Fishing ban in Gahirmatha, fishermen resent
Orissa government on Tuesday clamped a seven-month ban on fishing along the 20-km stretch of Dhamra-Barunei mouth within Gahirmatha marine sanctuary
Kendrapara: Orissa government on Tuesday clamped a seven-month-long ban on fishing activity along
the 20-km stretch of Dhamra-Barunei mouth within Gahirmatha
marine sanctuary in view of the commencement of mass nesting
of Olive Ridley sea turtles, official sources said here.
An estimated 26,000 traditional marine fishermen in
coastal Kendrapara and Jagatsinghpur districts likely to be
affected by prohibitive measures have voiced their protests.
The ban was clamped in accordance with provisions of
Orissa Marine Fishing Regulation Act (OMFRA), 1982 and
Wildlife Protection Act, 1972, Assistant Director of Fisheries
(marine) Rabi Narayan Pattnaik said.
"To ensure safety of turtles, prohibitive orders are
being strictly enforced. Trawl operators have been asked not
to venture into prohibited water zone. Any violation would
invite punitive action," said Manoj Mahapatra, Divisional
Forest Officer, Rajnagar Mangrove (Wildlife) Forest Division.
Nearly 100 trawls and vessels were seized and their
crew arrested during the ban last time.
In view of drop in marine fish catch and subsequent
loss of avocation, the fishermen have been demanding temporary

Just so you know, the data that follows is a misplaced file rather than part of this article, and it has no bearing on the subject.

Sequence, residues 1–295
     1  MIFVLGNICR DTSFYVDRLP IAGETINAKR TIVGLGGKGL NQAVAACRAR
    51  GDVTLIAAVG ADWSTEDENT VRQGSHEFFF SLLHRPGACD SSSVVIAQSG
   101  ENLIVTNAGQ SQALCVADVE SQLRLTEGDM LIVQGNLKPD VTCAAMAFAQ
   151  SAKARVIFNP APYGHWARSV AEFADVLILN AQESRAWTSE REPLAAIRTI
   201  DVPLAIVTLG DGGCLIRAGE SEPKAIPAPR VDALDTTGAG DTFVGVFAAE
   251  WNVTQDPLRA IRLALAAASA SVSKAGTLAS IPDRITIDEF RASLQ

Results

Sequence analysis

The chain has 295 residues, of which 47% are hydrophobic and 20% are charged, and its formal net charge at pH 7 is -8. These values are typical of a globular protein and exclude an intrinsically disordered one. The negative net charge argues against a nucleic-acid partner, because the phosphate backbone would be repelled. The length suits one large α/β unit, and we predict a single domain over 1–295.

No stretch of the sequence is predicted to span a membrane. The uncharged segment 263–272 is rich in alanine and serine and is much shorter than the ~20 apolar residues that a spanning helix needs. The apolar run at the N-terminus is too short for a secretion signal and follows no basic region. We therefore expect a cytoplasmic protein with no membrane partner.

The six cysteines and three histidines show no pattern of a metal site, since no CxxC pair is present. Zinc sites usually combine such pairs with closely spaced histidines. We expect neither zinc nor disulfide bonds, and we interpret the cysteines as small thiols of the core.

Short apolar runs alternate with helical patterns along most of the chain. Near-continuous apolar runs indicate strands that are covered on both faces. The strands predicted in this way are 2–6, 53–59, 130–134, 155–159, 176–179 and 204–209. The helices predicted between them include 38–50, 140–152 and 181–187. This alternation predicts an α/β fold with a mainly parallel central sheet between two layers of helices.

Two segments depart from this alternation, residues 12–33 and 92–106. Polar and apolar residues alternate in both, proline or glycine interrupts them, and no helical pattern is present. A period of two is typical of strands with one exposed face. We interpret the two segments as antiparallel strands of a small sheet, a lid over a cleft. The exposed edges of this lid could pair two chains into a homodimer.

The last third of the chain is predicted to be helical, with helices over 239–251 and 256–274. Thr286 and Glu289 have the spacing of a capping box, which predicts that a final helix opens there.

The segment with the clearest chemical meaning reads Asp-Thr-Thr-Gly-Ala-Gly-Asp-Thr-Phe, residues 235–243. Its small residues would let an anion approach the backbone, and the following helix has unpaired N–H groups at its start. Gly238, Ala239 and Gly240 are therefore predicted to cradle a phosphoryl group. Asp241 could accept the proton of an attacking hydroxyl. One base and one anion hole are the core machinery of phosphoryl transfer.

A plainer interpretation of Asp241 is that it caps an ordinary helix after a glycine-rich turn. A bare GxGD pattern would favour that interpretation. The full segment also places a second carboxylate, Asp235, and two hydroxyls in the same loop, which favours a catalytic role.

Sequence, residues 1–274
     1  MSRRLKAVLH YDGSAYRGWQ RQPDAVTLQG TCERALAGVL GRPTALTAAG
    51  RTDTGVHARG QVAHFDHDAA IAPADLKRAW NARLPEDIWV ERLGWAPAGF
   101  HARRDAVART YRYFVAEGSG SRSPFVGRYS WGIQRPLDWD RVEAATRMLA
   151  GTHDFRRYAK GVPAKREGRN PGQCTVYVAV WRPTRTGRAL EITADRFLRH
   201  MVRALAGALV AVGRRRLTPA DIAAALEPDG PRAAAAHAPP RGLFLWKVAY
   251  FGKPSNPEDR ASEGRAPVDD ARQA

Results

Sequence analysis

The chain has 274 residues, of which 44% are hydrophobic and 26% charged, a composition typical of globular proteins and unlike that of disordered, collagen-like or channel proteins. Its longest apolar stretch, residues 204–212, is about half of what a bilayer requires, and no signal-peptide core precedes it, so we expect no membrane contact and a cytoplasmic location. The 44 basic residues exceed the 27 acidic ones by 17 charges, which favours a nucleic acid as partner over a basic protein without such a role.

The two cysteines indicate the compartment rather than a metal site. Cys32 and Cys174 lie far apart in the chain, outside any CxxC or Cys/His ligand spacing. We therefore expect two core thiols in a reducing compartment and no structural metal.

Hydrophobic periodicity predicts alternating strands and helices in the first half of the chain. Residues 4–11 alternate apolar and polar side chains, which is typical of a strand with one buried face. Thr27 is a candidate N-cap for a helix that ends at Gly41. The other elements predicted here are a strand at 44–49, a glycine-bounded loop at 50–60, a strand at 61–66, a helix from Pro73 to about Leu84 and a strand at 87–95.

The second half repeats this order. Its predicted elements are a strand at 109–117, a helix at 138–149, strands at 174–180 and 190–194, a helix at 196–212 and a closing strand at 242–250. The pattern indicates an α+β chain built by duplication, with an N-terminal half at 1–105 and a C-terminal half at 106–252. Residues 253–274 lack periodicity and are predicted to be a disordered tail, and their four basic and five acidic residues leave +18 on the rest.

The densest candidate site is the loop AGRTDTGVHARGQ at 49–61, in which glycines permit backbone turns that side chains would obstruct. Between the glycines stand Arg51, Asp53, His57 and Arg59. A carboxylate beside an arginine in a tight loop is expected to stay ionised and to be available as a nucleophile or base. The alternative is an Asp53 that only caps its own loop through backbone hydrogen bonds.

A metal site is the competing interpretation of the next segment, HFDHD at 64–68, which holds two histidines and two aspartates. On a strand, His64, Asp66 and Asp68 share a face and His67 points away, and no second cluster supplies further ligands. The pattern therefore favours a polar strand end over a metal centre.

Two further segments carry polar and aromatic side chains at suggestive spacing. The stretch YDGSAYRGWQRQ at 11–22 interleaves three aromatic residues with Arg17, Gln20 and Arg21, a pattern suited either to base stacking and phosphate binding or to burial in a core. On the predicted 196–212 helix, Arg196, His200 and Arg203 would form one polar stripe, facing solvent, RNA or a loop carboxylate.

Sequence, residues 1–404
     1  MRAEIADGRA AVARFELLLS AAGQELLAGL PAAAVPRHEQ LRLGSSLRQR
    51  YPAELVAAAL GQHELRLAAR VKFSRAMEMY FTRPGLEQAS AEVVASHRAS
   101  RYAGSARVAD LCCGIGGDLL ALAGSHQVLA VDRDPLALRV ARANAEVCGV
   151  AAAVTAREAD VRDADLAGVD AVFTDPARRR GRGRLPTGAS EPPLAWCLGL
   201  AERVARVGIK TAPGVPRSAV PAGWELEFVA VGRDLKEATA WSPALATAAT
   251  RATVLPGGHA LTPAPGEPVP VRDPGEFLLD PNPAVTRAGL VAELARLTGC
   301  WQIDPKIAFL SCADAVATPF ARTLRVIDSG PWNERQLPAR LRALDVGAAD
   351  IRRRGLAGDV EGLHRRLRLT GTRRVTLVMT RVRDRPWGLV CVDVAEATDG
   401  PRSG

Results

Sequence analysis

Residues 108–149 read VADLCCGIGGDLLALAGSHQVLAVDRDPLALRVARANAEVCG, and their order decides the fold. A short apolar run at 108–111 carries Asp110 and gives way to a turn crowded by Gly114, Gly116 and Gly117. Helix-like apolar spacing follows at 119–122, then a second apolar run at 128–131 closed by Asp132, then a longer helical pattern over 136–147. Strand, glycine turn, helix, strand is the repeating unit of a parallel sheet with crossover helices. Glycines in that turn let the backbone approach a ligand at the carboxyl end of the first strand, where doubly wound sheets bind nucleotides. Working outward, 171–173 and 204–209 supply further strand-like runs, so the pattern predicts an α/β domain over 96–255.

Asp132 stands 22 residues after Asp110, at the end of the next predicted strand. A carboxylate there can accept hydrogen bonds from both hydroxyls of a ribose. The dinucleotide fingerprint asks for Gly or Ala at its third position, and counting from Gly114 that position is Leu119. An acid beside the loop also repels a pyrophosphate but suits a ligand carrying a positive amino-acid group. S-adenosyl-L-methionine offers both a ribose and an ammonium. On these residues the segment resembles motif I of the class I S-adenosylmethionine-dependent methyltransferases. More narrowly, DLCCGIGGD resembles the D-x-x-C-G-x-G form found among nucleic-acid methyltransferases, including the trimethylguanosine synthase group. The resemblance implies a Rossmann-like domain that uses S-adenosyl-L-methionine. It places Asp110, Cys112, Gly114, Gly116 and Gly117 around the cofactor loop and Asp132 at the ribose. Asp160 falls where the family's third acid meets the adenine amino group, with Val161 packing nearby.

permits for fishing activity on once-a-week basis.
"To make up loss of livelihood sources, the World Bank
funded Integrated Coastal Zone Management Programme (ICZMP)
has taken up alternate livelihood stake projects for affected
traditional marine fishermen. The programme has got underway.
"We have planned to cover all fishermen families under
the alternate livelihood scheme to compensate the community’s
monetary loss due to ban," Patnaik said.
The conservation of endangered Olive Ridleys’ is of
paramount importance but it should not be at the cost of the
livelihood of thousands of fishermen, who cause no harm to
these species, district wing president of Traditional Marine
Fishermen`s Union Tushar Sardar said.
Most traditional fishermen fish in the 5-km stretch
with their indigenous `kani` or net which do not harm turtles.
The breeding turtles get killed by the trawlers, which use
mono-filament nets that lead to entangling of the turtles,
The prohibition in past years has hit the marine fish
production and also the economy of the region which is largely
regulated by sea fishing sector.
Ancillary sectors like ice-factories, net making
units etc in areas like Dhamra, Jamboo, Kharinasi, Ramnagar,
Sandhakuda, Ambiki, Erasama and Paradipgada have closed down.
Skilled boat-makers from these areas are slowly
heading towards Digha and Vishakhapatnam due to bleak
business, Sardar said.
The forest department has its own way of demarcating
the sea territory while marine fisheries department had a
distinctive and separate demarcated line to detect unlawful
fishing. The poor fishermen are thoroughly confused by the
contradictory demarcation yardsticks, a group of marine